Visitors flock to see 1,000 li of history at Forbidden City

By Zhao Yusha Source:Global Times Published: 2017/9/19 23:28:40

Art lovers line up to see the 900-year-old A Thousand Li of Rivers and Mountains (Qianli Jiangshan Tu) at the Forbidden City on Friday. Visitors allegedly waited three hours for a glimpse of the Wang Ximeng painting. Photo: VCG

Some got up at 5 am.

More than 500 visitors flocked to the Forbidden City in Beijing for the unveiling of a 900-year-old classical painting there on Friday morning.

As A Thousand Li of Rivers and Mountains (Qianli Jiangshan Tu) opened to viewing at 8:30 am, Palace Museum employees warned art lovers lining up outside to expect a three-hour wait.

The announcement only appeared to spark greater enthusiasm to see the sole surviving work of Wang Ximeng, who finished the scroll in 1096, at the age of 18. 

Measuring 51.5 by 1,191.5 centimeters, the sweeping ink-and-color silk scroll painting is considered a masterpiece of traditional Chinese painting.

"It took me almost two hours to finish viewing the entire painting as the crowd was moving so slowly," art student Yang Xiuqing told the Global Times.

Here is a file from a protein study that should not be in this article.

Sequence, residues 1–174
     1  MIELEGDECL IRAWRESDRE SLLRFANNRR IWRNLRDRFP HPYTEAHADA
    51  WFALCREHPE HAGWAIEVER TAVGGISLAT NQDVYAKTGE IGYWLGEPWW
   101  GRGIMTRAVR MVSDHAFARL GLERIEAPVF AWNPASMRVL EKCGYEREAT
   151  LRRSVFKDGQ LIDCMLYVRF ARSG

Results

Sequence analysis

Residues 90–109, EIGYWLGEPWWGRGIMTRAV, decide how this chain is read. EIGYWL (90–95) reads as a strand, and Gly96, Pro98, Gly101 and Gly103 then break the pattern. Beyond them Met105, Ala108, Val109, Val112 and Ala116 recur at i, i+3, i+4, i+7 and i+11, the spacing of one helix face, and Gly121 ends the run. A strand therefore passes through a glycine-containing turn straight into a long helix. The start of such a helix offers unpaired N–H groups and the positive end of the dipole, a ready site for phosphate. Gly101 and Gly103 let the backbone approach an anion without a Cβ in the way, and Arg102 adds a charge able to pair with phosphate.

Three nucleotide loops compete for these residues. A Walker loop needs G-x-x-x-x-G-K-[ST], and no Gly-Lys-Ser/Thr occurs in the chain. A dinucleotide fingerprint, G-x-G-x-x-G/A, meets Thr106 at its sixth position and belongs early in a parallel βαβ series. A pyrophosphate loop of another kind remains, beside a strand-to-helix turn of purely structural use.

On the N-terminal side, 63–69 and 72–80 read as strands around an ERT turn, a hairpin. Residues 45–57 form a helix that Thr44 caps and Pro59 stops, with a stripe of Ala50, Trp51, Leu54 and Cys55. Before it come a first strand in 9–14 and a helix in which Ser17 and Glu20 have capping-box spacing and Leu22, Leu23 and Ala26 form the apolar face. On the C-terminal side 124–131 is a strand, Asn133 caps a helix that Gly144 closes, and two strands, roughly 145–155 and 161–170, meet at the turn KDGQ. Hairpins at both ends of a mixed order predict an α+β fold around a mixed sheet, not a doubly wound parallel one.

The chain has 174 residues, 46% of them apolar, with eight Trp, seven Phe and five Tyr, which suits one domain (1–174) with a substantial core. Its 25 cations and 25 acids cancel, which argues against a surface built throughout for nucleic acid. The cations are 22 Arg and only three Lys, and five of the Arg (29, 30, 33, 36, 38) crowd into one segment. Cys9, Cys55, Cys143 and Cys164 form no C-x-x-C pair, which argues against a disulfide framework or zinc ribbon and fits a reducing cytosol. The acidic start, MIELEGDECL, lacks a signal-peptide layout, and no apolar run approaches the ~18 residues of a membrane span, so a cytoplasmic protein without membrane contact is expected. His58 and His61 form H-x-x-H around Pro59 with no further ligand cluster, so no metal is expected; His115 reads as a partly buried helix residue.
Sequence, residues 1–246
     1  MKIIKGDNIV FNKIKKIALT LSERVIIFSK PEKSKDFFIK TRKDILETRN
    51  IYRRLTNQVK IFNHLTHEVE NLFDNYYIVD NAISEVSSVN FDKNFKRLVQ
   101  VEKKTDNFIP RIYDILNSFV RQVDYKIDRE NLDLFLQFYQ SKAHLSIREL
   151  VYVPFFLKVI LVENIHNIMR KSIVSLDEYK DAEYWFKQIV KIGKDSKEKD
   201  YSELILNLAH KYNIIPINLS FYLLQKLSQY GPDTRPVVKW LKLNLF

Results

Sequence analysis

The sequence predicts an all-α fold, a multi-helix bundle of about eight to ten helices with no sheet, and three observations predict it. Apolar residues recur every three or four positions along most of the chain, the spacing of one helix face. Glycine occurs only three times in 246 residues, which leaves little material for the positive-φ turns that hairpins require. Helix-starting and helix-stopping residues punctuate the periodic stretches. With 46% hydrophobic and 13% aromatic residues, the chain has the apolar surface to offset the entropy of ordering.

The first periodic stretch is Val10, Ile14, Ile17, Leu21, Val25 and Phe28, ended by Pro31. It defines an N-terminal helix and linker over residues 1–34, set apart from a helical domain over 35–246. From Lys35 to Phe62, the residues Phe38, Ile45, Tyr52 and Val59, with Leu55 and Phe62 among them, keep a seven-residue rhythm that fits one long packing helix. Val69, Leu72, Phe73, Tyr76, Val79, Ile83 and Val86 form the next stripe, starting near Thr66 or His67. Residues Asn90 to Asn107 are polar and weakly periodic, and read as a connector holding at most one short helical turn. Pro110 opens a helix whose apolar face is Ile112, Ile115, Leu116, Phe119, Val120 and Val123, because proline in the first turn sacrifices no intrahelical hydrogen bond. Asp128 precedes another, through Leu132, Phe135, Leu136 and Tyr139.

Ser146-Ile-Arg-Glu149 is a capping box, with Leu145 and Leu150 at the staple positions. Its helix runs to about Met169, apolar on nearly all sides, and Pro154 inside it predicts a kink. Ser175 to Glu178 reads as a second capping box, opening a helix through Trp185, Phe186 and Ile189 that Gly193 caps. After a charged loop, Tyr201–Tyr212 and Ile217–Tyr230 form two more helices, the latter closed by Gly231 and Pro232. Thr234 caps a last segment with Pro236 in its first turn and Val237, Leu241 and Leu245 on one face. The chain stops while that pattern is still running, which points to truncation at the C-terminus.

Two years ago when Along the River during the Qingming Festival (Qingming Shanghe Tu) went on display, the instant noodles sold out at a nearby museum gallery shop.

Created by Zhang Zeduan during the Northern Song Dynasty (960-1127), that painting depicts the buildings and daily life of the then-Chinese capital Bianjing, or modern-day Kaifeng, in Central China's Henan Province.

Yang visited that exhibition too.

"It took me almost nine hours to get in, but after I saw the painting, all my efforts were worthwhile. It was like traveling into the past and feeling the depth of our classical culture," she said.

A Thousand Li of Rivers and Mountains will be put on display for 46 days and then open again in four years, thepaper.cn reported.

Wang's work was exhibited at the museum in 2013, but few people showed up then, a museum employee was quoted as saying by the news site.

Chinese people's cultural enthusiasm improves alongside the country's economic and social development, Li Mingde, former vice president of Beijing Tourism Society, told the Global Times.

Admiration for traditional Chinese culture boosts national pride, he noted.

"Chinese people's attitude towards traditional culture is changing as traditional Chinese culture becomes a part of our life," Li said.




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